Guideline hourly rates (GHR) should be increased by 35% to reflect inflation pending the outcome of a review, a High Court has said.

Cohen v Fine and Ors [2020] EWHC 3278 (Ch) was a costs case involving the costs of a professional executor.

He applied for £48,000 in costs but the judge awarded him just £27,000, a sum then increased on appeal to nearly £36,000.

Judge Hodge QC, handing down the ruling, said in his experience of sitting in the business and property courts, “the present GHR are considerably below the rates actually being charged by the solicitors who practise in those courts”.

He added that the table of counsel's fees also “bears no relationship to the fees which the courts see being charged for counsel” appearing in those courts.

He stated: “In my judgment, pending the outcome of the present review, the GHR should be the subject of, at least, an increase that takes due account of inflation.”

Using the Bank of England Inflation Calculator, an increase of around 35% would be “justified as a starting point”, he said.

Existing GHRs are based on rates fixed in 2010 and are significantly lower than hourly rates charged by solicitors in the City. 

They were last reviewed in 2014.

However, they are currently under review by a Civil Justice Council working group which is expected to publish a report and consultation before the close of this year.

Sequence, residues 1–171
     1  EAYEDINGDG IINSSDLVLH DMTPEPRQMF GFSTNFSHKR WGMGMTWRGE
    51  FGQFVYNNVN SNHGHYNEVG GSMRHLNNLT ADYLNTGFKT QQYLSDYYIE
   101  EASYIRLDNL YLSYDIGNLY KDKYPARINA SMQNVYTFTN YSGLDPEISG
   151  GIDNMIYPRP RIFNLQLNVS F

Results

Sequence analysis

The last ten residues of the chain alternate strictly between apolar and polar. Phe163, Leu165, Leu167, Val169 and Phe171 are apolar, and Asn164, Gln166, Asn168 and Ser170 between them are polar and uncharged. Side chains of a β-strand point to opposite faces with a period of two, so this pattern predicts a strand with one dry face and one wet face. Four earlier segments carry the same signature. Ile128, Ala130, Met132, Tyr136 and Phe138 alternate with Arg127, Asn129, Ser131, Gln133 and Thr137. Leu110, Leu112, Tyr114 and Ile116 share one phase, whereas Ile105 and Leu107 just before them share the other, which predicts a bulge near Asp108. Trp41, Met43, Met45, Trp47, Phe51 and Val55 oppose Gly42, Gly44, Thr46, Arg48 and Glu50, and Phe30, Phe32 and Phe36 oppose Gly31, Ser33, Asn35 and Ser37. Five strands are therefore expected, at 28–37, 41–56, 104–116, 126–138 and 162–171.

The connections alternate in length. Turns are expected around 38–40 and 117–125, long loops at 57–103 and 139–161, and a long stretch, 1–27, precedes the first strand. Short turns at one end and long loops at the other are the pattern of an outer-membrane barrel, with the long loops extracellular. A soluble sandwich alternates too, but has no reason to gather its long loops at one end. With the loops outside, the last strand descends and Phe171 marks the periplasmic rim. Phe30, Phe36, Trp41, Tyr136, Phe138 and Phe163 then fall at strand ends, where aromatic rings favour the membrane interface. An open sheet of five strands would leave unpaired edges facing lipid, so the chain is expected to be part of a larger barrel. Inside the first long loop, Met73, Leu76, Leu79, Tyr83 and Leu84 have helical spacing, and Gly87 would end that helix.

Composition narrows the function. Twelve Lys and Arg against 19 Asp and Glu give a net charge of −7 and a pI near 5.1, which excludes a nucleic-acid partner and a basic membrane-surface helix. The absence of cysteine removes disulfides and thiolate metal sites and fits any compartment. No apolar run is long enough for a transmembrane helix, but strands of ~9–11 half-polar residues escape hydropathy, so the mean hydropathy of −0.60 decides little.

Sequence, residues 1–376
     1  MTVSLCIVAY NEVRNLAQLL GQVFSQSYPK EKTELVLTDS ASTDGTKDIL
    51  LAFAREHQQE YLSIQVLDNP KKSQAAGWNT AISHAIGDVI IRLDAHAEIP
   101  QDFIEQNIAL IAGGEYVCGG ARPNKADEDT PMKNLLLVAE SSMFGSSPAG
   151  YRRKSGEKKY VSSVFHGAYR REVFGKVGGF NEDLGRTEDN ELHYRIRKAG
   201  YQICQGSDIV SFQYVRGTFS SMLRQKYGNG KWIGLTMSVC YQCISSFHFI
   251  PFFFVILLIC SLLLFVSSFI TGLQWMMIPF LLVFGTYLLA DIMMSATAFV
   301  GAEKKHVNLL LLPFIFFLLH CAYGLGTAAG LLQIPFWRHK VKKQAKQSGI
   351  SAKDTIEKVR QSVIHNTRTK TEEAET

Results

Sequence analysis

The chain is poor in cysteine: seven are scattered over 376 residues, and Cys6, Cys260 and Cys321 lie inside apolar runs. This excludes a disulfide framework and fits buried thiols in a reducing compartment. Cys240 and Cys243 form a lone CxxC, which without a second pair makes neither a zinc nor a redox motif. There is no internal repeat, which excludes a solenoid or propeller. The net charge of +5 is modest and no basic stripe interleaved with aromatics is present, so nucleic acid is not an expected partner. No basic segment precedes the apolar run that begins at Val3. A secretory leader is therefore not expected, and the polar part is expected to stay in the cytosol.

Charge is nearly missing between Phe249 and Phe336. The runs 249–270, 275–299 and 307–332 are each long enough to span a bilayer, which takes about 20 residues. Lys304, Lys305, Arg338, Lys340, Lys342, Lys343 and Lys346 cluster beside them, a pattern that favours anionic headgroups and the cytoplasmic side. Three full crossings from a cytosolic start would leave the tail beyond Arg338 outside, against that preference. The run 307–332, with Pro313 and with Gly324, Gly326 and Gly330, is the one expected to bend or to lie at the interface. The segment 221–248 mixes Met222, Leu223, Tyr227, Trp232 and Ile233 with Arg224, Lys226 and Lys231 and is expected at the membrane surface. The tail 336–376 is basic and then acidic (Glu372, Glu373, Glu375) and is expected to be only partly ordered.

Sean Linley, a costs draftsman at Carter Burnett, said: “There is undoubtedly now a chorus of judiciary members making plain that the GHR in their present form are antiquated and no longer fit for purpose.”

He added that the Cohen judgment also makes clear that specific factors in CPR r44.4 could justify the application of rates higher than the GHR, even after adjusting for inflation. 

“The comments made, however, have to be seen in the context of the pending Civil Justice Council review”, he said. 

“Once that is completed (which is meant to be by the end of the year) then the goal-posts are likely to shift again. 

“But until that time, solicitors have a very persuasive case for seeking costs above and beyond the guideline rates.”

He commented that the “slew of recent decisions” concerning hourly rates are already been relied upon regularly in costs proceedings, though he questioned how long they will continue`to bear relevance. 



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